The 25 years between the onset of the French Revolution in 1789 and the Bourbon Restoration after Napoleon in 1814 is an astonishing period in world history. This era shook the foundations of the old world and marked a permanent shift for politics, religion, and society - not just for France, but for all of Europe. An account of the events alone reads like something out of a thrilling novel.
"Clarity leaves me feeling informed"
The French Army crumbled swiftly under the powerful blows delivered to it in 1940 by Adolf Hitler's Wehrmacht. Launching a massive feint into Belgium to lure French armies and the British Expeditionary Force (BEF) away from the actual point of attack, the weakly protected Ardennes Forest, the Germans struck past the Maginot Line. In a lightning campaign, panzers punched through to the coast, dividing Allied forces with a steel cordon across France and forcing the evacuation of the BEF from the port of Dunkirk.
A journalist writing in the first flush of revolutionary enthusiasm, John Reed gives a gripping record of the events in Petrograd in November 1917, when Lenin and the Bolsheviks finally seized power. Containing verbatim reports both of speeches by leaders and the chance comments of bystanders, set against an idealized backcloth of the proletariat, soldiers, sailors, and peasants uniting to throw off oppression, Reed's account is the product of passionate involvement and remains a classic of reporting.
After the successful amphibious invasion on D-Day in June 1944, the Allies began racing east toward Germany and liberating France along the way. The Allies had landed along a 50 mile stretch of French coast, and despite suffering 8,000 casualties on D-Day, over 100,000 still began the march across the western portion of the continent. By the end of August 1944, the German Army in France was shattered, with 200,000 killed or wounded and a further 200,000 captured.
The Pursuit of Power draws on a lifetime of thinking about 19th-century Europe to create an extraordinarily rich, surprising and entertaining panorama of a continent undergoing drastic change. The aim of this audiobook is to reignite the sense of wonder that permeated this remarkable era, as rulers and ruled navigated overwhelming cultural, political and technological changes.
The road to the modern age of cultural harmony and acceptance is one of the finest feats of human progress, but having said that, there was once a time when the mere doubt of a religious figure's existence was not only punishable by law, it could very well cost a man his life. This was the crime of heresy.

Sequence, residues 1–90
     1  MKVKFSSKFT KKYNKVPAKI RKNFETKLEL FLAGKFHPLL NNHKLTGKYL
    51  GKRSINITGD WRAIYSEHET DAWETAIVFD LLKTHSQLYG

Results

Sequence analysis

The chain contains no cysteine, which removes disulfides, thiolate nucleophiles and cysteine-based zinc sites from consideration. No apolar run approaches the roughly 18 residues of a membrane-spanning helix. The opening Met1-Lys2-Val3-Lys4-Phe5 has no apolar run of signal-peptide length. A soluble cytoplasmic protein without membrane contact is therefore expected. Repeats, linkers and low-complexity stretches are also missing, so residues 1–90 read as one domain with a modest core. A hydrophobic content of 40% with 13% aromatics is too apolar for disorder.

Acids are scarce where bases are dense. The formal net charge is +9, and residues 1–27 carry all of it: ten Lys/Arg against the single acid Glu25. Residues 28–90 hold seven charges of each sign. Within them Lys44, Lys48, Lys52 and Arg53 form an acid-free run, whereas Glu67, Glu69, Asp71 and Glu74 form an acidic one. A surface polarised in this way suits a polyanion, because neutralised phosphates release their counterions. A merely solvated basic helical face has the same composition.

World War II stood apart in many ways from every earlier war, not least in the way that it reached to every corner of the planet and involved a noticeable segment of humanity's collective resources. Battles erupted not only on land and the sea's surface as they had for centuries, but also in the ocean depths and the windswept heights of the sky. One of the war's most crucial struggles happened in the realm of the unseen, inside the human mind and amid the invisible flow of radio waves.
Hitler's U-boats rule the North Atlantic and threaten to eliminate the Allied supply lines through meticulously coordinated attacks using Germany's secret weapon: the Enigma. Desperate to turn the tide of the war, British scientists at Bletchley Park work tirelessly to break the codes. But there is a problem. They need the German ciphers and a working Enigma machine.
In 1941, with the dark star of Nazi conquest in the ascendant over Europe, German Fuhrer Adolf Hitler continued seeking fresh ways to expand the Third Reich's domains. Two strategic issues occupied Hitler's immediate attention: dealing with Britain and the Soviet Union. Hitler and Goering disagreed fundamentally on the next steps to be taken, and Hitler's ideas naturally won out over the Reichsmarshal's objections.
Like other totalitarian leaders, Adolf Hitler kept an iron grip on power in part by making sure nobody else could attain too much of it, leading to purges of high-ranking officials in the Nazi party. Of these purges, the most notorious was the Night of the Long Knives, a purge in the summer of 1934 that came about when Hitler ordered the surprise executions of several dozen leaders of the SA.